Assisted by an able team of volunteers, Brad & Jeff Tilden, Don Smith, and Ray McFall organized our 600km brevet last weekend. Including the 6 riders on the scouting pre-ride, 54 riders participated in the brevet. The ride rewarded all with their money's worth of pure randonneur goodness. Bone chilling rain over Stevens Pass, warm sunshine east of the mountains, awesome tailwinds, fearsome headwinds, long climbs, fast descents, spectacular views, and stories galore. After the ride, these stories started to appear online and I've enjoyed reading them all. I'm sure there will be more, but so far I've read accounts by John Kramer, Matt Mikul, Joe Platzner (you have to register to see the pics), Robert Higdon, Geoff Swarts, Jennifer Chang, Ward Beebe, Kole Kanter, Nick Bull, Dan Boxer, Narayan Krishnamoorthy, and volunteer Paul Johnson.
I needed to scout a portion of the Cascade 1200 route through Yakima and talked Robin Pieper into coming along. We took a nice 25 mile route scouting tour on the Yakima Greenway trail, had lunch, and then drove up to Rimrock Lake, where we enjoyed a wonderful 25 mile loop around the lake, including some lovely quiet roads on the south side of the lake. Fifty miles of riding in the sunshine and daylight made for a delightful non-rando cycling day. After our rides, Robin stayed in Rimrock to help the overnight control crew. I went down the hill to work the secret control with Don Smith and two of the many cycling Tildens - Ron and Brad.
At 225 miles into the ride, brevet participants can be spread across a broad swath of rando time. Sure enough, we had riders at the control from about 6PM until after 3AM. As the ride reports detail, the story of this section of the ride was headwind. Once the riders turned onto US-12 about 10 miles before the control, they faced sustained headwinds of 30mph with gusts that were much worse. We circled the cars as best we could to create a shelter from the wind at the control. This effort was only modestly successful - from time to time, we had to go chase blown-over lawn chairs. Once those chairs were weighed down by resting randonneurs, we heard 45 wind stories. Bob Brudvik described being brought to a halt by a gust. Another rider reported seeing a section of roof blow past. Most versions of the story were the silent testimony of the riders' faces.
Don and Ron ladled homemade chicken noodle soup and made great sandwiches for the riders. Brad and I offered any other assistance that we could. As the evening wore on, hot chocolate and coffee were increasingly in demand. In the cool air, many riders took advantage of the stash of warm coats that we had brought along.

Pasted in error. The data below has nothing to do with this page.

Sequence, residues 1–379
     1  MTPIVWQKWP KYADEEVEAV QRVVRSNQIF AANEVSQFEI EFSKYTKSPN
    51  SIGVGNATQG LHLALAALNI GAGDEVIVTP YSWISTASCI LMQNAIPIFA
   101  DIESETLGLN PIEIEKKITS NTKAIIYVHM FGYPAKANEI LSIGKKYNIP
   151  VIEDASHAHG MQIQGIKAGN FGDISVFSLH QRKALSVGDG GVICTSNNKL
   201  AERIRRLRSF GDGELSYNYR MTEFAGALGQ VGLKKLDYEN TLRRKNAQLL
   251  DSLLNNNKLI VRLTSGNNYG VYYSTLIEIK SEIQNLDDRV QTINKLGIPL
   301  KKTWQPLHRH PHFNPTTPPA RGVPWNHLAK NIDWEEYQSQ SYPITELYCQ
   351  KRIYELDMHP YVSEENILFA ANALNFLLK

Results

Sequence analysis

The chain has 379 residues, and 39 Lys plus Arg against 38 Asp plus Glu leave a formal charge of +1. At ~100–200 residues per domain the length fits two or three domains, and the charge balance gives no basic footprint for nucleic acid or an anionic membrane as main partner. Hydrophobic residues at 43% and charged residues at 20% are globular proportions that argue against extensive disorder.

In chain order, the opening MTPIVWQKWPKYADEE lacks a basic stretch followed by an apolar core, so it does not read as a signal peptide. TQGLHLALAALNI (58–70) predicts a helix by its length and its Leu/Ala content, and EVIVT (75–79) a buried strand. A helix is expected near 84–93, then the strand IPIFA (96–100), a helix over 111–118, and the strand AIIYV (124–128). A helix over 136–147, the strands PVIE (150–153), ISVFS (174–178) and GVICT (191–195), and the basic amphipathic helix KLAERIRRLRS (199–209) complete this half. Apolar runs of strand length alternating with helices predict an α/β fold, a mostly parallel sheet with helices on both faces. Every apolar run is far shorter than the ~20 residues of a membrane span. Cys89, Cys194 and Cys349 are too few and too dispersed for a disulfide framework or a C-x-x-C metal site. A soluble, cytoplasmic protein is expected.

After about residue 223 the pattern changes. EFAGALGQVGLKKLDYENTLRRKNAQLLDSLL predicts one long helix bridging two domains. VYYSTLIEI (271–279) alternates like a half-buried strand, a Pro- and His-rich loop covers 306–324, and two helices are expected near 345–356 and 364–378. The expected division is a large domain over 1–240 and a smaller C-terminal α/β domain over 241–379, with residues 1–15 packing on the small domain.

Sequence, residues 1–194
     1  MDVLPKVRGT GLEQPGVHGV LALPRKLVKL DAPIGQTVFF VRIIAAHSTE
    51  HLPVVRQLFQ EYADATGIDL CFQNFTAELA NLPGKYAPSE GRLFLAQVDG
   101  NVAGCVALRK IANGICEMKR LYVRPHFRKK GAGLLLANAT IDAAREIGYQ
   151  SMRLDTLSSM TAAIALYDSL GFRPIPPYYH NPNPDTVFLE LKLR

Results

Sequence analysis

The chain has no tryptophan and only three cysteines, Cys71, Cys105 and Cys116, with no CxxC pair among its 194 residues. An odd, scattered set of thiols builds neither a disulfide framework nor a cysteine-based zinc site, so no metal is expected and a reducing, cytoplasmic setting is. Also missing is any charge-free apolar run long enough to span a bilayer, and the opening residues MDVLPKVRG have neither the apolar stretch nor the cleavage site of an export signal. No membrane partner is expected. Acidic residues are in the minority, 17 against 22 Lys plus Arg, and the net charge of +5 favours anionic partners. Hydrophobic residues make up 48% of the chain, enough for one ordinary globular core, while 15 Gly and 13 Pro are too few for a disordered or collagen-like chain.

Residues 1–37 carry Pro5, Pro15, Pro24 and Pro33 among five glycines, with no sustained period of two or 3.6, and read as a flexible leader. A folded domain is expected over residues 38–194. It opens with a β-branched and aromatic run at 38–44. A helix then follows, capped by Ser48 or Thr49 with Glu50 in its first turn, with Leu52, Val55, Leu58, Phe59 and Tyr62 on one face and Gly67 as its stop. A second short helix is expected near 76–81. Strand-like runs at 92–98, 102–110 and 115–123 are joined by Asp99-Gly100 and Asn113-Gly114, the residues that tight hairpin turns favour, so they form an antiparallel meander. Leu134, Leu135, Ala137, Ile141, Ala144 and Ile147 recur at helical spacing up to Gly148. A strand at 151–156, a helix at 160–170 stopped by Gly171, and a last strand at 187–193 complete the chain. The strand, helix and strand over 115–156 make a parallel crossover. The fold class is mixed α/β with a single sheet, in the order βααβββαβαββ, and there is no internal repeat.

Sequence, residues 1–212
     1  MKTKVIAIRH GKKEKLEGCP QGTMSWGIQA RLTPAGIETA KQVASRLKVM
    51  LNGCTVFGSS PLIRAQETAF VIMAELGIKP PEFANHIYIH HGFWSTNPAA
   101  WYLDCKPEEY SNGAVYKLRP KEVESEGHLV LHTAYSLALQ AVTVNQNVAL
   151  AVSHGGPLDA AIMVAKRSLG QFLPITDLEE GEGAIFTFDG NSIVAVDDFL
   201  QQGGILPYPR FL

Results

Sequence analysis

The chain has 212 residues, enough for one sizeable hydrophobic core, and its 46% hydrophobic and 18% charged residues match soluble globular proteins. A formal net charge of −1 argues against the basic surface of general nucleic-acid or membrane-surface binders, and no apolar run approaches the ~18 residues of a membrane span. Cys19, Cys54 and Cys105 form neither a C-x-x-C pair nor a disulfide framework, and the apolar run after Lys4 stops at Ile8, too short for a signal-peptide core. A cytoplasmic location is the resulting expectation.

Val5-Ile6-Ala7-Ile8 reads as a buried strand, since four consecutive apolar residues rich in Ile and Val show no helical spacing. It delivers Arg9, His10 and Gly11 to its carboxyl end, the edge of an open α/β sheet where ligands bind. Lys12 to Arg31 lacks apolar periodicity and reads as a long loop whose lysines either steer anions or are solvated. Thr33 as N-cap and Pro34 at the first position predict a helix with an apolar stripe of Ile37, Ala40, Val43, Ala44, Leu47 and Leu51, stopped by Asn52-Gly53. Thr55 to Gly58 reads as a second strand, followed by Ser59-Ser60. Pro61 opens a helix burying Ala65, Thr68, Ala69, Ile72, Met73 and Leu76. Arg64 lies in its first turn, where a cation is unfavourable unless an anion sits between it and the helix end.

In the rural darkness on a clear, cool night, the stars were impressive. During breaks between riders, we gazed up at constellations and the Milky Way. With riders in the control, however, we were instead impressed by their fortitude. As I've noted before, it's pretty inspiring to spend time on the volunteer side of these events. You get to see all the riders and marvel at their determination. Restored by hot soup, rider after rider headed out for the 25 mile climb to the overnight control.
Three of the last six riders on the road did not make it past our control. We received a call from one exhausted rider whose knee would not let him continue. On the way out to get him, Brad and I passed another rider who said he was done. We encouraged him to push on to the control and continued along. After picking up the sore-kneed rider, we figured that we should try to figure out the status of the last rider on the road. We found him at a convenience store about 15 miles from the control. A bit dazed, he allowed that he had spent 45 minutes working on a flat tire and was probably too exhausted to continue. We gave him time to make that call and then loaded him up and headed back to the control. I picked up the other exhausted rider and took all three up the hill to the overnight control, trying not to notice the looks of disappointment on their faces. Nothing to be ashamed of there - all had persevered through over 200 miles of very challenging cycling - but none were happy to be in my car.
At 4:30 or so, I reached the overnight control. Riders were still arriving, a few had gone straight through without a sleep break, and others were having breakfast and making preparations to leave. Jeff was running quite the show here with dinner, breakfast, beds, shower, and wake-up calls. Volunteers Allison Bailey, Noel Howes, Shan Perera, Todd Black, and Robin Pieper were tending to riders' needs. In turn, the riders' good spirits and determination inspired the volunteers. All were warned of the chilly descent after the rest of the White Pass climb. We knew, however, that at the bottom, they would be greeted with hot drinks and warm hospitality by Ray McFall and Paul Johnson before being sent off to climb Cayuse Pass.
Thanks to all the volunteers and riders that made the 600km a memorable event.